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The British House of Commons has voted in favor of legislation that would allow women to succeed to the throne on equal terms with men.
As the law stands now, a woman can only ascend the throne if she does not have any brothers. However, in 2011, David Cameron announced that the prime ministers of the sixteen Commonwealth Realms where Queen Elizabeth II is Head of State had agreed to let daughters inherit on an equal basis. From henceforth, the Crown would go to the eldest child, regardless of sex.
After lengthy negotiations with the various Commonwealth governments, Deputy Prime Minister Nick Clegg introduced legislation to make the change official. But in addition to doing away with male-preference primogeniture, the Succession to the Crown Bill also makes other adjustments to the law of succession. Notably, members of the Royal Family will no longer be barred from succeeding to the Crown if they marry a Roman Catholic. Also, the requirement to seek the monarch’s consent before marrying will be limited to the first six people in the list of succession. Presently, every descendant of George II is supposed to obtain the sovereign’s permission to marry; if they fail to do so, their marriage is null and void. Under the new law, those who marry without the monarch’s consent will only forfeit their claim to the throne.
Before the Commons began their debate on the general principle behind the bill, MPs expressed frustration at the government’s proposed timetable for the law’s journey through Parliament.
“We spend hours debating the taxation of lorries and other such matters, which get a full day allocated for Second Reading, whereas the succession to the Crown is to be dealt with in a truncated Second Reading debate, a brief Committee stage, and then one day for the remaining stages,” said Tory MP Jacob Rees-Mogg. “That seems to me to be an insult to the nation, to our sovereign and, indeed, to Parliament.”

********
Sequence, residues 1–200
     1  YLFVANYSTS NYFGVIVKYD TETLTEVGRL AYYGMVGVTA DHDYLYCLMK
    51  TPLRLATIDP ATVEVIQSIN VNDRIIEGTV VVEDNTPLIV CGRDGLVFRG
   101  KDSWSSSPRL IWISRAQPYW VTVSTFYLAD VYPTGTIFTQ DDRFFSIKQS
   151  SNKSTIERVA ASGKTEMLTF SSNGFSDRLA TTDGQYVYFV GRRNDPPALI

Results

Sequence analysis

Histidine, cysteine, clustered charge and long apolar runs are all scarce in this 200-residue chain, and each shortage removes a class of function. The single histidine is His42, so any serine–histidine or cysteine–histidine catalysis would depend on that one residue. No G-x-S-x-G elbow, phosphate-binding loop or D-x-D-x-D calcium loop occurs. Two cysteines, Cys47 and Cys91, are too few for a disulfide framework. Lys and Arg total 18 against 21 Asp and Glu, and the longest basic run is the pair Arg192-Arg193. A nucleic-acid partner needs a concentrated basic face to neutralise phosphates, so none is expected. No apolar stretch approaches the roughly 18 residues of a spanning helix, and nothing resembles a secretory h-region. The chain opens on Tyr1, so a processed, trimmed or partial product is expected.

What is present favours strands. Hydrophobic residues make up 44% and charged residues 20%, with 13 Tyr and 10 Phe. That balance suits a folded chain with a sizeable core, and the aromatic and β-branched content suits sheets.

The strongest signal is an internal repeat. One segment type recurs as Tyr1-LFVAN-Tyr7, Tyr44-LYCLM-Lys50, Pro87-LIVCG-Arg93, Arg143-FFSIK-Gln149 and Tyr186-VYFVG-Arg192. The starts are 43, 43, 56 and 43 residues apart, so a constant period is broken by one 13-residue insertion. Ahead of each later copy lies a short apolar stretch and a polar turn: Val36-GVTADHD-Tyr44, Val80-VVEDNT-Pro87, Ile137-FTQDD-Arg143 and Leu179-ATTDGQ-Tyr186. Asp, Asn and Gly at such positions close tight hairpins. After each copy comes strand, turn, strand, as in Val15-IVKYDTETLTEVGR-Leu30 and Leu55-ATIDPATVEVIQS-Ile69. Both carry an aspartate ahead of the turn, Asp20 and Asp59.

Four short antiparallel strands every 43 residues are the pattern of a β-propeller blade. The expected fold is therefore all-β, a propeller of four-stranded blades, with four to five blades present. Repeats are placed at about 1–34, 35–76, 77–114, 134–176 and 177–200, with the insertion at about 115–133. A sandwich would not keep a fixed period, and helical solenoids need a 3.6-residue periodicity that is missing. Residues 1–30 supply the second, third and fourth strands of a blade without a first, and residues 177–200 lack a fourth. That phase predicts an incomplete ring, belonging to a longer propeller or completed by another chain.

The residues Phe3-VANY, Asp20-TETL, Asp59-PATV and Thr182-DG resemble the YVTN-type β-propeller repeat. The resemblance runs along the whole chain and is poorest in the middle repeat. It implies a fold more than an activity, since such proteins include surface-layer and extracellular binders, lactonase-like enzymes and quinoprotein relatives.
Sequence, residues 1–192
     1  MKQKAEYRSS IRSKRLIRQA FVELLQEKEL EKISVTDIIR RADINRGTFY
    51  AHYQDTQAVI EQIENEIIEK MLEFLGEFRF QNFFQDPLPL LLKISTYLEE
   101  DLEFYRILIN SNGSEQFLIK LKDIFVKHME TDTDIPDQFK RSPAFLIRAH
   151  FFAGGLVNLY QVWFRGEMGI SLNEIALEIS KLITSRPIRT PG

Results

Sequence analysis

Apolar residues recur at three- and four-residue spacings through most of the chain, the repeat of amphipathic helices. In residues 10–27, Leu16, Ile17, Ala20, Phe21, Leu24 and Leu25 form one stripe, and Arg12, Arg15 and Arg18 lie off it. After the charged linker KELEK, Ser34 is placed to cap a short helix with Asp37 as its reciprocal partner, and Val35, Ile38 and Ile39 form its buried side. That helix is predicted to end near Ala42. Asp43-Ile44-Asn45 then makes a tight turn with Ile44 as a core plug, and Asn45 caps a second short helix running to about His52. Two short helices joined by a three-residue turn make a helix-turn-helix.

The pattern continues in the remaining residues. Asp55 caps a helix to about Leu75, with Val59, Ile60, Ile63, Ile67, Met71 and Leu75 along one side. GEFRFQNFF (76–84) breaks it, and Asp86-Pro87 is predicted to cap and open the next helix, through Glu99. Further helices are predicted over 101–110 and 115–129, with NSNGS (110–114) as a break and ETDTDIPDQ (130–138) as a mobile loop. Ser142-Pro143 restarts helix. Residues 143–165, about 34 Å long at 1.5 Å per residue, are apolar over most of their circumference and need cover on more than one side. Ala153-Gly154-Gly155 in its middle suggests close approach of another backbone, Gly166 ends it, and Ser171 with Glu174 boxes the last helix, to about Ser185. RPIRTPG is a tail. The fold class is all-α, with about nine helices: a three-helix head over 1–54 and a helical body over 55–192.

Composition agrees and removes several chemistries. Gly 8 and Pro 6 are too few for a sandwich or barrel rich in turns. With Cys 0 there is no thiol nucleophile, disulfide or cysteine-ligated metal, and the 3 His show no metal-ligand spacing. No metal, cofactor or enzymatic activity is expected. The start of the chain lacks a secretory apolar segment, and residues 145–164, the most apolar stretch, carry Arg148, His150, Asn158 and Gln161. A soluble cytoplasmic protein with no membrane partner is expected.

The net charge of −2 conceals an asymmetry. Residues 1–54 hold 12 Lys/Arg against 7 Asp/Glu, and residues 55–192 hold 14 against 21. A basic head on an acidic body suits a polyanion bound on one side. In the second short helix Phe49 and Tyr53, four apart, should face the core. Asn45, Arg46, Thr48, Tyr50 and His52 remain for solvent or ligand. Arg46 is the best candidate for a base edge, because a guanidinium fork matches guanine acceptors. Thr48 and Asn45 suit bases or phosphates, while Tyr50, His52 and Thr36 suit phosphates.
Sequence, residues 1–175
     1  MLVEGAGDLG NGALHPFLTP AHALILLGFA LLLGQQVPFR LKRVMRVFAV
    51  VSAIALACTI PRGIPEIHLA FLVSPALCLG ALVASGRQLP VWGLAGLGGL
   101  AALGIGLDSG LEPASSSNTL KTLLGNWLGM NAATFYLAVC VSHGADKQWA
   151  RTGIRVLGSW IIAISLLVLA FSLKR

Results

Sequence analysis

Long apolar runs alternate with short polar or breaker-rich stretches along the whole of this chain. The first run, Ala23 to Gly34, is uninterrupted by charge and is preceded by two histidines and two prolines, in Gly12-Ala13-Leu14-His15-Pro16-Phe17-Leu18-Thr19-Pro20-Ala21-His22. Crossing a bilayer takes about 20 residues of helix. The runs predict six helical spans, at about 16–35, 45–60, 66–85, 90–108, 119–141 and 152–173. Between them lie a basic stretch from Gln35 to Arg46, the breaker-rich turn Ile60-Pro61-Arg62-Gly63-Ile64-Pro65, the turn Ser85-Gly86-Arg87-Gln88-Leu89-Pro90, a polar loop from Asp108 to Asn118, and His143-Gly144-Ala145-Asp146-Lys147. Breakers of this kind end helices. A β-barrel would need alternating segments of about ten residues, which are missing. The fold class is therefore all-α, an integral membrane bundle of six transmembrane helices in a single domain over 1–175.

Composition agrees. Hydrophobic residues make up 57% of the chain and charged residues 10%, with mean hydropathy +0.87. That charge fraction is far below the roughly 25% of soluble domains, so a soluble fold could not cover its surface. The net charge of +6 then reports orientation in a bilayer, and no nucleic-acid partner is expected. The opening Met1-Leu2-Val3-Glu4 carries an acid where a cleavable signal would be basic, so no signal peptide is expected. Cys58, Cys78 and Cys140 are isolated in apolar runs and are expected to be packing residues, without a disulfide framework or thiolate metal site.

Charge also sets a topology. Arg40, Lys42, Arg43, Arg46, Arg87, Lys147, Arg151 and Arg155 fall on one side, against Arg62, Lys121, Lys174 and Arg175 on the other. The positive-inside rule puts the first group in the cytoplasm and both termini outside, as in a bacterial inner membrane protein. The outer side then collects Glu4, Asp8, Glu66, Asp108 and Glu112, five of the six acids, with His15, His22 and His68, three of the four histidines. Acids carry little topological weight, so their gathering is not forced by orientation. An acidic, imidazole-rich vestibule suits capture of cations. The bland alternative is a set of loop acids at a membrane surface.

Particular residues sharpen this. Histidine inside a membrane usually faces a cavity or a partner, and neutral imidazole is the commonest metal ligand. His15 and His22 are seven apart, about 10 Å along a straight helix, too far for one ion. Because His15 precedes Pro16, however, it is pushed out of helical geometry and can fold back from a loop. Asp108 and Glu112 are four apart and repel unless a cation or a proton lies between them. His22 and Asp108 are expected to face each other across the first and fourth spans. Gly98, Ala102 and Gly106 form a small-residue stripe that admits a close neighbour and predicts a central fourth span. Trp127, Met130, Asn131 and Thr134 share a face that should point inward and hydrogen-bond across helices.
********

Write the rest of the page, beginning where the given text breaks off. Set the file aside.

Rees-Mogg also argued that the Commons should be able to extend the scope of the bill. He pointed out that if an heir to the throne were to marry a Roman Catholic, he or she would be expected to promise to do everything in their power to see that their children were raised in the Roman Catholic faith. But the sovereign is also Supreme Governor of the Church of England, so they cannot be members of the Roman Catholic church. Rees-Mogg maintained that, if a Roman Catholic ascended the throne, it would be best to allow an Anglican regent to handle ecclesiastical matters.
“That is an entirely logical extension of what is proposed in the Bill and time ought to be allowed to debate it, because when we start these changes and decide that in this modern age we need to be more politically correct and allow Catholics to marry into the throne, we have to consider the consequence.”
But despite the misgivings of a number of MPs, the government’s timetable was ultimately agreed to by a voice vote. Since the opposition Labour Party also backed the timetable, there would be little chance of defeating it.
During the actual debate on the bill itself, the vast majority of speakers declared their support. However, some MPs questioned the government’s decision to require the first six heirs to the throne to obtain the monarch’s consent before marrying. “I simply do not understand why the monarch would want to retain the right to forbid somebody to marry and to declare their marriage null and void because consent was not granted,” said Labour MP Chris Bryant.
“On what basis would they refuse to grant consent—because someone involved was illegitimate, not wealthy enough, a commoner or an actress?” he continued.
But Clegg defended the government’s decision, saying that it was right for the monarch to have a say in the marriages of those who were most likely to inherit the Crown. “Having been in consultation with the royal household over a prolonged period, we feel that that strikes the right balance.”
Conservative MP Ben Wallace expressed concern about the bill’s effect on the Duchy of Lancaster. He claimed that the duchy would continue to be governed by male-preference primogeniture, so a female heir to the throne might not inherit its multi-million pound property portfolio. But Clegg dismissed his concerns, saying that the bill was only concerned with succession to the Crown and Parliament could deal with the issue of other titles later.
Several MPs also voiced concern that, although the bill allowed members of the Royal Family to marry Roman Catholics, Roman Catholics would still be prohibited from ascending the throne. But given the lack of political will to disestablish the Church of England, it seems likely that the religious requirement will remain for the foreseeable future.
After giving the bill a second reading, the House immediately resolved itself into a Committee of the Whole House to discuss the bill in detail. Although several backbench MPs moved amendments based on concerns raised during the second reading debate, the only amendment that was actually passed was a minor technical change moved by the government. But MPs will have another opportunity to propose amendments during the bill’s report stage on January 28.